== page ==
In delivery companies we tell people what is important but not why, while in product companies people understand the impact they are creating.
TP: Software product companies should have, and often do have, a direct understanding of how valuable they are to the people who use their software – as a result, they can make informed decisions on how to improve and grow.
In IT you don’t know what difference your choices make. It is not uncommon that the design calls you make are fanciful, meant to satisfy your curiosity and develop your resume, and not really linked to organizational value.
RP: You have seen lean software development in action around the world. Are there specific areas in which these principles take root more easily?
MP: Yes. Certain countries catch on these concepts a year or two before others. The first group to pick them up is normally Scandinavia – the management culture there is very much based on the idea of helping people as opposed to telling them what to do.
Typically, once the first hurdle (which, more often than not, is management staying in the way and preventing teams to take ownership) is gone, successive developments in the methodologies take root more quickly. Agile itself took a while to spread.
TP: At the same time, delays are getting shorter and shorter: thanks to global travel and communications, leading thinkers in different countries are pretty much in sync.
RP: What do you make of the lessons coming from the lean startup?
MP: Startups are product companies that use continuous delivery, and that is what allows validated learning to happen. It would be silly not to run experiments and find out for yourself what works and what doesn’t, especially if you can do it cheaply!
RP: What do you think the future of software development holds?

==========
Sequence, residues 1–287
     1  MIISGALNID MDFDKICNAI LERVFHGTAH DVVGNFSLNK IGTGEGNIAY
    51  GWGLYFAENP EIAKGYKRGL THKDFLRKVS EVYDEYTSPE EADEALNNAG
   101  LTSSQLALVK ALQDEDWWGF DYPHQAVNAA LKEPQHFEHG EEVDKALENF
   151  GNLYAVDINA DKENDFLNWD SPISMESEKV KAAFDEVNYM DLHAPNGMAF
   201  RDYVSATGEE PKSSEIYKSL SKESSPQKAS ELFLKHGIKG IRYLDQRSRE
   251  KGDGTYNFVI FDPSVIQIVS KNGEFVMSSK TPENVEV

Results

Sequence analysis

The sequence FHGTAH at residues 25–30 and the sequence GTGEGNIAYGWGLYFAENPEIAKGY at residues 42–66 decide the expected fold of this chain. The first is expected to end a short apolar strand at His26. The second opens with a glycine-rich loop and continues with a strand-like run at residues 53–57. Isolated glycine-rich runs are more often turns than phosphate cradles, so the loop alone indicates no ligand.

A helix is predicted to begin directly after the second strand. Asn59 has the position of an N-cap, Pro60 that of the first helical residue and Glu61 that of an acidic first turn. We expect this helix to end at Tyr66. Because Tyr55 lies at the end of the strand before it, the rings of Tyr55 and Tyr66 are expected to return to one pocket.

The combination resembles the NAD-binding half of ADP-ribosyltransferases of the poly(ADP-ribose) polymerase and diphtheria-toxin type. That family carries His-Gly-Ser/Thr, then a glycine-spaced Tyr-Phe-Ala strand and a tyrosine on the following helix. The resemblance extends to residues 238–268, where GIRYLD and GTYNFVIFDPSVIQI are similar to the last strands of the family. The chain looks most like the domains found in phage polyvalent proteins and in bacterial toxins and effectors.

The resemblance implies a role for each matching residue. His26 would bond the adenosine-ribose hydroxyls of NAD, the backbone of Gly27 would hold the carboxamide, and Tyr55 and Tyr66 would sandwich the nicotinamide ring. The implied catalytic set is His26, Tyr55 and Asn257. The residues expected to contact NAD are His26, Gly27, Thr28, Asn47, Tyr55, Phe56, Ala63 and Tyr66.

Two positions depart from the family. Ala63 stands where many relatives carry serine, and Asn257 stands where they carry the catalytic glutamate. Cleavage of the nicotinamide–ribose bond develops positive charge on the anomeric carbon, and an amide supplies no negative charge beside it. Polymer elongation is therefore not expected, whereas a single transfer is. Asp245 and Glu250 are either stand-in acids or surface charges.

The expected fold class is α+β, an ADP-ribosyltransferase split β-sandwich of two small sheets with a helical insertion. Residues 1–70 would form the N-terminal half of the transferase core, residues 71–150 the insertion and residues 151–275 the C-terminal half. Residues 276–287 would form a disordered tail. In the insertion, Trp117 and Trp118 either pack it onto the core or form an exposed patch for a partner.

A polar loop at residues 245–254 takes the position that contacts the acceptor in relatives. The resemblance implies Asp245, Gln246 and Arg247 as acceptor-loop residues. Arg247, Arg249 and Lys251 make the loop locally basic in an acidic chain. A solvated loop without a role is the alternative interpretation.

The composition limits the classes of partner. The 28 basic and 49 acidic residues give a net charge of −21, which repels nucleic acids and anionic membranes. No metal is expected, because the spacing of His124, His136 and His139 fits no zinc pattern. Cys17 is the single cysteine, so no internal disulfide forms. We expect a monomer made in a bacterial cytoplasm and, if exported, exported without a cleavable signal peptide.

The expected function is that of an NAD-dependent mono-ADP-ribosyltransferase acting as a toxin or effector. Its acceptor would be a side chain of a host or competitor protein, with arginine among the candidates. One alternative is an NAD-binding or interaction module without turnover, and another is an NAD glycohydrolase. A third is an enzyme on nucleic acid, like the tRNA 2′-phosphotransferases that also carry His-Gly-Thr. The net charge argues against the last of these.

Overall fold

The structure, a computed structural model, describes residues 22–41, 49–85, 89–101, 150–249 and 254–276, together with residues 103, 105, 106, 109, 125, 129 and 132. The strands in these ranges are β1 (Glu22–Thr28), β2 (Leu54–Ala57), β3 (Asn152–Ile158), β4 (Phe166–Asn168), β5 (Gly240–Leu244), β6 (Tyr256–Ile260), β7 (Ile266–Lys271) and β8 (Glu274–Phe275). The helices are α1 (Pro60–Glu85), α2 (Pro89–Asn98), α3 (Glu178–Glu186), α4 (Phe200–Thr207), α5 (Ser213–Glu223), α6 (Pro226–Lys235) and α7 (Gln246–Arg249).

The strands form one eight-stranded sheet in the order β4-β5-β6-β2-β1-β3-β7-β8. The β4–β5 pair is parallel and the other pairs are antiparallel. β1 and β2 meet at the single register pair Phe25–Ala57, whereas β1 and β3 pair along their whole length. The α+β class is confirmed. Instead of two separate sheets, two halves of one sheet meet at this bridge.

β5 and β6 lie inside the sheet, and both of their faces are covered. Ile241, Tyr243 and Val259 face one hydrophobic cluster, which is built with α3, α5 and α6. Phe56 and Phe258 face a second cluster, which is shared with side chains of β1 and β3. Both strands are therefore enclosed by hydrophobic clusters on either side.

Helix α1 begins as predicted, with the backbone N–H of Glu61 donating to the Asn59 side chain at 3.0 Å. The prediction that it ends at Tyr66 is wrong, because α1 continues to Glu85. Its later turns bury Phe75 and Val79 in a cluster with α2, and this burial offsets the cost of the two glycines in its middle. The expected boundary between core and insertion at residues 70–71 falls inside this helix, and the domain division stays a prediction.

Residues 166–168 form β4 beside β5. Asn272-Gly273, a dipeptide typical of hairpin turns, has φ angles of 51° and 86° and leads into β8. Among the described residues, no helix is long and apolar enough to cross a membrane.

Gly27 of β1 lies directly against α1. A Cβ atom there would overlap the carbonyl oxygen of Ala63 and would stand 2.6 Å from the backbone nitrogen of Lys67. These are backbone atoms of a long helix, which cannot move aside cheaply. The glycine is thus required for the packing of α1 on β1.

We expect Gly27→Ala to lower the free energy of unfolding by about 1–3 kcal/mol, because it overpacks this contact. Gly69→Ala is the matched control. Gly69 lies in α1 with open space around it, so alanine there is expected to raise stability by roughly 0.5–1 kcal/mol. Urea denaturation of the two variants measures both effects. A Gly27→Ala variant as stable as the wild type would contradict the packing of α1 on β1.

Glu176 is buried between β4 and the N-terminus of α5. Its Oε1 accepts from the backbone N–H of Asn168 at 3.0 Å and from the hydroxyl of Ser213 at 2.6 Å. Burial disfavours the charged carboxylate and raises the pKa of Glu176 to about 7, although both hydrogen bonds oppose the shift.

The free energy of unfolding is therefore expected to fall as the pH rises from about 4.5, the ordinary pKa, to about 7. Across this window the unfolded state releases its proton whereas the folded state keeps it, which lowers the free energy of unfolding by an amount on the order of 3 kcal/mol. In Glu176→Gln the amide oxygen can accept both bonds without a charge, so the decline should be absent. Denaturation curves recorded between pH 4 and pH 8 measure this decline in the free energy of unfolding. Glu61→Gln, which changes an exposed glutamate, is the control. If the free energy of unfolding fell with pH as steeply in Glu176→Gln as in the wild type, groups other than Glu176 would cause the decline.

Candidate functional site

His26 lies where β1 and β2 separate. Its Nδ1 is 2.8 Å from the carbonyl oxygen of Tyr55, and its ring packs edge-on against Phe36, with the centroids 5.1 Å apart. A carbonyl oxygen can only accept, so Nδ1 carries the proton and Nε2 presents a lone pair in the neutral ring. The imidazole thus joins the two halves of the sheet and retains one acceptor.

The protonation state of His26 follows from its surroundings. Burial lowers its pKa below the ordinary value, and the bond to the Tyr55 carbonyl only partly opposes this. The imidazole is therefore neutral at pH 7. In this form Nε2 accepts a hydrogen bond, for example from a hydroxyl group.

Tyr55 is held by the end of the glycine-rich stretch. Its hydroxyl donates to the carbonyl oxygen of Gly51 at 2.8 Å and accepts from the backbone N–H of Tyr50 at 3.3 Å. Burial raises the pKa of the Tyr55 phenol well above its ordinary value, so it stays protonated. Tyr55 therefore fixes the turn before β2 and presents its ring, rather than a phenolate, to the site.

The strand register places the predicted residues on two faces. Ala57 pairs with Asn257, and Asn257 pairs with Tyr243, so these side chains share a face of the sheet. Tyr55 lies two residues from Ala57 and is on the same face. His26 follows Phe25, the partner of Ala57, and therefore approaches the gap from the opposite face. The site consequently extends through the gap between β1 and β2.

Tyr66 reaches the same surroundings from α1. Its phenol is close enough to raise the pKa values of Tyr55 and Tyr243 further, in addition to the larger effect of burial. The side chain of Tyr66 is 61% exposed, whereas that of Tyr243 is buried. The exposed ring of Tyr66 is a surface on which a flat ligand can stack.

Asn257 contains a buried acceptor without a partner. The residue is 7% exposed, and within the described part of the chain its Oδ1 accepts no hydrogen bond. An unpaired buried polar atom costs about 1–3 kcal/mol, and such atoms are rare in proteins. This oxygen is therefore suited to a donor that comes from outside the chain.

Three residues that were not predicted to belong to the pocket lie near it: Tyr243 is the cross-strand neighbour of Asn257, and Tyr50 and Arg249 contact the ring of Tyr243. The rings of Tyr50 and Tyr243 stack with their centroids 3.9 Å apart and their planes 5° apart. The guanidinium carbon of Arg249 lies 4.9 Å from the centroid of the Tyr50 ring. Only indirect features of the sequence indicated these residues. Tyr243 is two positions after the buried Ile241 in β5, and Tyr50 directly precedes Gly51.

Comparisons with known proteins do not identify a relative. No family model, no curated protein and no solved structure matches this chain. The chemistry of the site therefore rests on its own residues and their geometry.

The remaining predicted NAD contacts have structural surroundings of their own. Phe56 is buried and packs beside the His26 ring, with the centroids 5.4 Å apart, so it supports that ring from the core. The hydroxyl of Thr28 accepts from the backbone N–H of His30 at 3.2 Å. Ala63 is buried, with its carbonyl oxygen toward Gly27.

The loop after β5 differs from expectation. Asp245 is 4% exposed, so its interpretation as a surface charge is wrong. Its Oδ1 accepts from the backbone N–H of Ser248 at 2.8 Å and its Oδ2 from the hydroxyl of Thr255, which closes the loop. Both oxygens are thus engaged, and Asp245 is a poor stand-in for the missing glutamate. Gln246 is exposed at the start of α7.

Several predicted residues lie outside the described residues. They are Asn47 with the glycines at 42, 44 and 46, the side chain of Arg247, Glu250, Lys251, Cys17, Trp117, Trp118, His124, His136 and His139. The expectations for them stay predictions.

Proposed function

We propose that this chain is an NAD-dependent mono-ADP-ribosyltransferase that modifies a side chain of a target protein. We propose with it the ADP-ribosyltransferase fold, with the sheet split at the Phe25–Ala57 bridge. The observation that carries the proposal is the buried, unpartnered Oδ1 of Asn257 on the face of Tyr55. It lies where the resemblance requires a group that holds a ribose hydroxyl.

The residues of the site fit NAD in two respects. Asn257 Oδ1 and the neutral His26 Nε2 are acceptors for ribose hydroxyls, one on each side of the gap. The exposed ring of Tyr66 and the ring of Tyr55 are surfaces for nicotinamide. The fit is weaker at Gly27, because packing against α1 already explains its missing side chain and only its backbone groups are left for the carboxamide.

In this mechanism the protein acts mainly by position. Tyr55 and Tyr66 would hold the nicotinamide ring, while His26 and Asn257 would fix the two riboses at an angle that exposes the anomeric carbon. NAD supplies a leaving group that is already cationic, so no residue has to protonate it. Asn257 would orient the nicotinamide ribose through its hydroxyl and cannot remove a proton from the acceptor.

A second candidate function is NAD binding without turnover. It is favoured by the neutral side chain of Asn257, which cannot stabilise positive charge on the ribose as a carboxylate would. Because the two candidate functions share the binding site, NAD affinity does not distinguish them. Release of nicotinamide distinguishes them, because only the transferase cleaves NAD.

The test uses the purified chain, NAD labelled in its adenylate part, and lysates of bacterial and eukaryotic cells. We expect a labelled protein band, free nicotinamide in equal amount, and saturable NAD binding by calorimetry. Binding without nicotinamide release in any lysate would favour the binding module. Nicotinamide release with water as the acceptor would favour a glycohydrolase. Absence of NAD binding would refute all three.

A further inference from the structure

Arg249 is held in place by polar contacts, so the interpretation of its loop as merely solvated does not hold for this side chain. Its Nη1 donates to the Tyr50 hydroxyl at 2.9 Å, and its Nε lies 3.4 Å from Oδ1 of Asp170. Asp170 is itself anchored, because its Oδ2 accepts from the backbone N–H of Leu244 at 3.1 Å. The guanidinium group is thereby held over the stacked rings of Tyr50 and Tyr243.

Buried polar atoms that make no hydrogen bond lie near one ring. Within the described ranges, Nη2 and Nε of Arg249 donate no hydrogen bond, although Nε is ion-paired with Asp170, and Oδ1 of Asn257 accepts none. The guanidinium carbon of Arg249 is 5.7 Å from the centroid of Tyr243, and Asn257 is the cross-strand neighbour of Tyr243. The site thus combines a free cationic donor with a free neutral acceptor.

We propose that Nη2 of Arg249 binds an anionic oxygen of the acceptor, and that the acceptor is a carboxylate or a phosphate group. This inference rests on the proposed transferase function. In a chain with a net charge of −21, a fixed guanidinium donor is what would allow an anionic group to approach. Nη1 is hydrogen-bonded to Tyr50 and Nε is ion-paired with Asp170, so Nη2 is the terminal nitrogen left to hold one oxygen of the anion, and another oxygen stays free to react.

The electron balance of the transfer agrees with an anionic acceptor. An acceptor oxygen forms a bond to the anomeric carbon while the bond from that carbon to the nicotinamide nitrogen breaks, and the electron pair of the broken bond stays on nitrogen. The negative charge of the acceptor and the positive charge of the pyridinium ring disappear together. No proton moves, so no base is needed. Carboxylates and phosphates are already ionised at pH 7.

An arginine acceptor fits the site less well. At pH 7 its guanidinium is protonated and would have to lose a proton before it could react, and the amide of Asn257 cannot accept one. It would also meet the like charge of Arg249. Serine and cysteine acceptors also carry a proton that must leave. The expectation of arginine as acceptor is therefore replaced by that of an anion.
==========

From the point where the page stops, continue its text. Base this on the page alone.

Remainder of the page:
MP: Software plays an ever-growing role in our lives. Having good software in many of our products is going to become even more important and, therefore, the need for competent software engineers will become even more critical.
Companies that will figure out how to best leverage technology to solve our problems will be the winners. Google has been around too long, solving too many of our problems, to say that the way these innovative organizations do things is crazy. It is crazy smart! The real question is ‘why isn’t the rest of the world doing it?’
TP: We should never forget that there are very few people (who are not software developers) who want software! People need solutions to their problems that improve the quality of their lives, and software is only the tool those solutions will use to deliver.
Mary Poppendieck started her career as a process control programmer, moved on to manage the IT department of a manufacturing plant, and then ended up in product development. She considered retirement 1998, but instead found herself managing a government software project where she first encountered the word “waterfall.” When Mary compared her experience in successful software and product development to the prevailing opinions about how to manage software projects, she decided the time had come for a new paradigm. She wrote the award-winning book Lean Software Development: An Agile Toolkit in 2003.
Tom Poppendieck has 25 years of experience in computing including eight years of work with object technology. His modelling and mentoring skills are rooted in his experience as a physics professor. His early work was in IT infrastructure, product development, and manufacturing support, and evolved to consulting project assignments in healthcare, logistics, mortgage banking, and travel services. He is an enterprise analyst and architect, and an agile process mentor.
Based on their on-going learning, they wrote a second book, Implementing Lean Software Development: From Concept to Cash in 2006, a third, Leading Lean Software Development: Results are Not the Point in 2009, and a fourth book, The Lean Mindset: Ask the Right Questions in 2013.